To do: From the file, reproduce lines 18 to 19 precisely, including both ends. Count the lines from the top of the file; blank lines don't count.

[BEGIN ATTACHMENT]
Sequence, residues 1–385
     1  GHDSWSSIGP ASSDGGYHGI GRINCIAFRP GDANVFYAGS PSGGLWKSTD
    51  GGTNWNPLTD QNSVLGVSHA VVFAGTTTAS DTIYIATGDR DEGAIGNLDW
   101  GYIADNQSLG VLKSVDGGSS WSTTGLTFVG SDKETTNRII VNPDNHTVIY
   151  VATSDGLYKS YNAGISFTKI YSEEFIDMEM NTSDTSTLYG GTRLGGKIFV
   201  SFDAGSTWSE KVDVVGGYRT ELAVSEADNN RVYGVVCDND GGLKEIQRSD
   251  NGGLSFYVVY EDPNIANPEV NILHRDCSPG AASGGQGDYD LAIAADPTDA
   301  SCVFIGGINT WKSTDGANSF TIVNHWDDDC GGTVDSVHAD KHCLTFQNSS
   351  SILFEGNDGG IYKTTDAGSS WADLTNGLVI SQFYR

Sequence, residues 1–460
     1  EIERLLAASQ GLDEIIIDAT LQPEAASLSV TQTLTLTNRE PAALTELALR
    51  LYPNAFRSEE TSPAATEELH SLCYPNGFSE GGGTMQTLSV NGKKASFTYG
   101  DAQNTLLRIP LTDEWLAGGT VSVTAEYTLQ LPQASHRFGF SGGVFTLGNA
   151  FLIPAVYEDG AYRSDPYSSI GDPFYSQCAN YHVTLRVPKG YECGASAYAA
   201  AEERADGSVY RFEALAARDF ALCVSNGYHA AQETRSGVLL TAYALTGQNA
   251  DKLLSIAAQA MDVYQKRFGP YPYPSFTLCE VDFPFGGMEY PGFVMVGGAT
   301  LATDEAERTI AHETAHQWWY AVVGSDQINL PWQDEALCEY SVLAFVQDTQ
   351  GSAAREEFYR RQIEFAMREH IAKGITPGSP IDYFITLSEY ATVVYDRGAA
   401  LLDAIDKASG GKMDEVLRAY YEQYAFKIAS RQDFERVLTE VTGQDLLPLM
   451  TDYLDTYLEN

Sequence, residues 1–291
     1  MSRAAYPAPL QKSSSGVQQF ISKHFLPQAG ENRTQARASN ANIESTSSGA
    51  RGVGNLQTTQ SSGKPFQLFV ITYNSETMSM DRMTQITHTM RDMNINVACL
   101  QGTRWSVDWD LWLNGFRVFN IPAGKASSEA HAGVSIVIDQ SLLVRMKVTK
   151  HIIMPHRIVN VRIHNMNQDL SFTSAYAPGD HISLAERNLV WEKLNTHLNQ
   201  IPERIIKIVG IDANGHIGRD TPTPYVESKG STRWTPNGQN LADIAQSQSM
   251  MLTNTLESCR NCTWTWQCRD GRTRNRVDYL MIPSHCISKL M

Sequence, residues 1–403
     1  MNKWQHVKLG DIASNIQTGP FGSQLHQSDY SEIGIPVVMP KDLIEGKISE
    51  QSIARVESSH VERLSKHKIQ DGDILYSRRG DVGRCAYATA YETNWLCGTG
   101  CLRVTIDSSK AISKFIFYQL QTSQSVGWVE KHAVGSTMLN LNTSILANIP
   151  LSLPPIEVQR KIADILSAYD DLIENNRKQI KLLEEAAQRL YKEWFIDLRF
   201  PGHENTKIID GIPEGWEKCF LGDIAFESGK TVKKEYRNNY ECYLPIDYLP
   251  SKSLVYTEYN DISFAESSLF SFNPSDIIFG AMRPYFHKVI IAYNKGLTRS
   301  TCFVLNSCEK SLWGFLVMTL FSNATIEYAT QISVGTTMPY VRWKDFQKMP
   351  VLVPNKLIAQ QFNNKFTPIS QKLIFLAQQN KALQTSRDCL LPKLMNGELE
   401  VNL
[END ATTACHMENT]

   351  GSAAREEFYR RQIEFAMREH IAKGITPGSP IDYFITLSEY ATVVYDRGAA
   401  LLDAIDKASG GKMDEVLRAY YEQYAFKIAS RQDFERVLTE VTGQDLLPLM